A member of the Kennedy family will now be heading up the state's environment committee. In the upcoming legislative session, Ted Kennedy, Jr., a newly-elected Senator from Branford, said he'll be tackling everything from pesticide use to pollution in Long Island Sound.

Playing Futures: Applied Nomadology / Creative Commons

The reform is the first of its kind in the nation, and it works like this: every time police fire a Taser, they'll have to file a "use of force report."

"It's a very thorough report," said David McGuire with the ACLU of Connecticut. "It goes through the person's race, their age, their height, their weight; how the Taser was used; what mode it was used in; how many times it was fired; whether the person had an injury; whether medical assistance was provided."

Wikimedia Commons

This year's flu shot might not work as well as in previous years, so focus is now on a new vaccine created in Connecticut.

NASA's Earth Observatory/Jesse Allen

We know that technology and price can drive electricity demand, but what about culture?

Creative Commons / angeloangelo

Legislators and lobbyists are calling for the state's largest electric utility to lower its fixed residential charge with a new proposal that would set Connecticut Light and Power's fixed rate at $10.00 a month.

Huntstock / Thinkstock

Meriden-based Protein Sciences has completed work on a preliminary Ebola vaccine, and will ship its creation to the National Institutes of Health on Monday.

A. Marinkovic / Creative Commons

A Wesleyan astronomer has just returned from a conference in Tokyo, Japan, where she discussed research from the ALMA space telescope -- a radio observatory partly funded by the National Science Foundation -- which is just finishing construction.

John Phelan / Creative Commons

Should state regulators be more aggressive in punishing first time violators of environmental law? That's a question the Council on Environmental Quality hopes lawmakers wrestle with in the upcoming legislative session. 

Chion Wolf / WNPR

When it comes to space, there’s a lot to be excited about. Telescopes are scanning the farthest reaches of our galaxy and we’re learning more than ever before about the origins of planets.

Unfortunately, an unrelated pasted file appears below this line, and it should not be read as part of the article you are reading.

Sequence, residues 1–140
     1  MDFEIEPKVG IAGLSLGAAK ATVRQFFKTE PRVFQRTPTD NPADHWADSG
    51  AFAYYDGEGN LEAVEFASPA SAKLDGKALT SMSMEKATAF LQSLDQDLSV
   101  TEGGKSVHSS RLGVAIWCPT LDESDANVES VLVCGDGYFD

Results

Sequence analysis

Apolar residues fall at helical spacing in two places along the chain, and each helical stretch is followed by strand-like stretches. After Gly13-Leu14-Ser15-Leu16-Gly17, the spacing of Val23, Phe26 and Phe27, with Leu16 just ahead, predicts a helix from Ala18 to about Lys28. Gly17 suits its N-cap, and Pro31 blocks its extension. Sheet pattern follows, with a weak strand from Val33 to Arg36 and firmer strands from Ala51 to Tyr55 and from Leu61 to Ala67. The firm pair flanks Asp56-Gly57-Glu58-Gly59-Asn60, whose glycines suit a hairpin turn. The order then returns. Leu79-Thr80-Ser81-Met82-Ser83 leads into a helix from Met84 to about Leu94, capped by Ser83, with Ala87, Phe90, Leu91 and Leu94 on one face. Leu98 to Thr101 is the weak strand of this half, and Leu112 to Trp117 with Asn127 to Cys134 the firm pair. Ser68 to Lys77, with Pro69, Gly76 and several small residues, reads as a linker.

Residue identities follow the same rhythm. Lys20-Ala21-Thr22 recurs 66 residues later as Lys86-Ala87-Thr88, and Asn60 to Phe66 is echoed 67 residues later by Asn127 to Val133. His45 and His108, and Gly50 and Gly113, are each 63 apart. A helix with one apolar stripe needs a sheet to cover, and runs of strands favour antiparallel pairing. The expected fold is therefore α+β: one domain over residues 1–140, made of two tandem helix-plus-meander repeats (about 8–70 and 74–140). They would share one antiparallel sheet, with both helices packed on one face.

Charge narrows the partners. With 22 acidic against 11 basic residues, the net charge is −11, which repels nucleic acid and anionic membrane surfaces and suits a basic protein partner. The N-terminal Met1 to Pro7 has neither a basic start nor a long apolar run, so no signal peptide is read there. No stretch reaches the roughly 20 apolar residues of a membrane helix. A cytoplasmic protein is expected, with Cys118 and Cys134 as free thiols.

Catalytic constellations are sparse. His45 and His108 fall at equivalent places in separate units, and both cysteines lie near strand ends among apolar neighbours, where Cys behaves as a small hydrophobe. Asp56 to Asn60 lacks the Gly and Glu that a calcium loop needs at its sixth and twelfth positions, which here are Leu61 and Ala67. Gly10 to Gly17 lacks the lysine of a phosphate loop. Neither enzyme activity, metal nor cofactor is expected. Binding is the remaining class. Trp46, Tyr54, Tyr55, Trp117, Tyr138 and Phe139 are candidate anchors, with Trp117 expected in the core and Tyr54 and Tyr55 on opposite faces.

mrbichel / Flickr Creative Commons

Can playing a game make a person smarter, more alert, and better able to learn? Well, the science on that question isn't clear.

T. Charles Erickson
Hartford Stage

Hartford Stage produced its first-ever "sensory-friendly" performance this week. The staging of "A Christmas Carol" was geared toward audience members on the autism spectrum.


The journal Nature announced last week it will offer free access to a number of its articles online.

U.S. Navy

As the United Nations climate change talks in Lima enter into their second week, one measurement that's coming up a lot is 3.6 degrees Fahrenheit. 

Yale University

Over the next year, the giant blue particle accelerator that for years has been at the center of Yale University's Wright Lab, will be scrapped. 

Yale University

America's 39th President Jimmy Carter, 90, was critical of Yale University's handling of sexual assaults during a visit to the campus this week. 

Mystic Aquarium

A new exhibition at Mystic Aquarium in Connecticut is using trash from the ocean to create art. It's an effort to highlight the importance of recycling plastic.

Carter Roberts / NASA

If you're looking for life elsewhere in the universe, there's a lot to look at, and computers are pretty good at it. At least, they're good at analyzing the stuff you tell them -- for example, the brightness of stars in our sky.

State of Connecticut

Nearly two years after the shooting at Sandy Hook, officials are still looking for answers. A new report from the Office of the Child Advocate provides a window in the mental health of the gunman, Adam Lanza. 

National Institute of Allergy and Infectious Disease

Dr. Willy Burgdorfer, the Swiss-born researcher who gained international recognition for discovering the origins of Lyme disease, has died.

Dean Winter

There's only so much history you can learn from books. Sometimes, you just need to go underwater and travel back in time.